An Eyewitness News Exclusive exposes the trap they fall into and how an innovative program is saving many of them.
"My name is Katrise. I am 18. And I think when I realized I didn't want to be where I was when I was actually 5. My first time running away I was 12 years old."
If you had Katrise's childhood, you might have run too. A helpless toddler in a home so abusive that social workers took her away. But placing her with a relative hurt too.
"All the time she would say that I was just going to end up like my mom, which was a druggie on the street," said Misti Ward, DCFS Runaway Outreach Unit.
The prediction was half-right: Katrise ran away and into the arms of a predator, a man who peddled the 14-year-old on the street.
"There was a lot of times that I could have been dead from people trying to kidnap me," said Katrise.
Katrise's escape is a story of persistence.
Every month the Runaway Outreach Unit of the Department of Children and Family Services searches possible addresses for missing teens. But there are 60 to 100 new runaway cases every month. And the kids are experts at hiding most of the time.
What saved Katrise, and is now saving others, are uniquely skilled caseworkers reaching out through social media. Because while runaways abandon foster homes, they don't give up their Facebook pages. Caseworkers find them and begin a delicate process to connect, building trust over months of careful chatting.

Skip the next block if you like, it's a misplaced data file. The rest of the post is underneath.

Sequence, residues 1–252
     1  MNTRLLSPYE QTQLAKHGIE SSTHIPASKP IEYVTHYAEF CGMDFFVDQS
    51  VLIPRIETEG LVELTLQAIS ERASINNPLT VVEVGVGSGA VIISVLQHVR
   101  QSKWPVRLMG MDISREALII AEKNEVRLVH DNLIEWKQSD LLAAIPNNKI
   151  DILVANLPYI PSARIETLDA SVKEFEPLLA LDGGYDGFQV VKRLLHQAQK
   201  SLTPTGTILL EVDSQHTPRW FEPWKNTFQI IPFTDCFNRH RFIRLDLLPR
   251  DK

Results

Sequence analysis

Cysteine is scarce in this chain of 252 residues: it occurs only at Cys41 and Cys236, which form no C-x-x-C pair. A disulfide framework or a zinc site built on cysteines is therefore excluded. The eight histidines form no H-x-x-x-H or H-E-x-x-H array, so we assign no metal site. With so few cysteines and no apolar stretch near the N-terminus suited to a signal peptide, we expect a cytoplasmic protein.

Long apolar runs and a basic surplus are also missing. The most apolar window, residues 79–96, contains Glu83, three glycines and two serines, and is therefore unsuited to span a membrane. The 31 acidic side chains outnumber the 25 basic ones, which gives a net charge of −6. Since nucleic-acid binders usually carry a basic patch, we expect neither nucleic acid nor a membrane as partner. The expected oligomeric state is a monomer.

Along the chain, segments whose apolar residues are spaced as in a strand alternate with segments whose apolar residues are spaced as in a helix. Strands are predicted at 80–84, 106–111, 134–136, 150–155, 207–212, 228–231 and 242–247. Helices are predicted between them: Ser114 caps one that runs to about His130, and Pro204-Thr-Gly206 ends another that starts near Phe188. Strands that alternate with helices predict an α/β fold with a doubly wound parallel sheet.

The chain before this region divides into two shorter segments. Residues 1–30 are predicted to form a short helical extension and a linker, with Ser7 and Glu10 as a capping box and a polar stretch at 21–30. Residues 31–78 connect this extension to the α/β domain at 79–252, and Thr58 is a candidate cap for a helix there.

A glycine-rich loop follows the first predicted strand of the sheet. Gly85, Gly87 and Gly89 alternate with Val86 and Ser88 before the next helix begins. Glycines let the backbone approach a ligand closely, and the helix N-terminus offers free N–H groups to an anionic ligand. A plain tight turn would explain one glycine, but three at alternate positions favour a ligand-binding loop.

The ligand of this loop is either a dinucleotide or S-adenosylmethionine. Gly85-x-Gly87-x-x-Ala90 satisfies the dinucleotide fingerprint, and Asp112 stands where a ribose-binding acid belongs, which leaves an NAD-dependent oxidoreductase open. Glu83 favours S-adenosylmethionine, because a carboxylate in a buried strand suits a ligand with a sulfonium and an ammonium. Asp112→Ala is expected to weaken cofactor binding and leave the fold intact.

"It can be tricky, because you don't want them to block you," said Ward.
Misti Ward specializes in sexually exploited kids. Her messages to Katrise became a lifeline. Katrise kept them.
"She says, 'Hey Katrise, call me when you get a chance. I just want to know if you're OK,'" said Katrise.
"The key with Katrise was listening to her and hearing her, and letting her know how important, how great she is. Because she is, she is really a great girl, amazing," said Ward.
"I've never really had anyone that was there for me, and she showed that she was there for me," said Katrise.
The method has had dramatic results. The success rate of the Runaway Outreach Unit has doubled according to director Eric Ball.
"Half our kids we locate through social media. I'd say a quarter of the kids we locate the other way, which was the old-fashioned way," said Ball.
And that's even more significant, he says, because he has only six workers handling 70 cases each.
What keeps them going: the many others like Katrise.
After a bruising childhood, Katrise is now in a stable home, has a job and is enrolled in college, grateful for the one Facebook friend who changed everything.
"The system is crazy but at the end of the day, like if you do what you have to do in the system, you can end up with good things," said Katrise.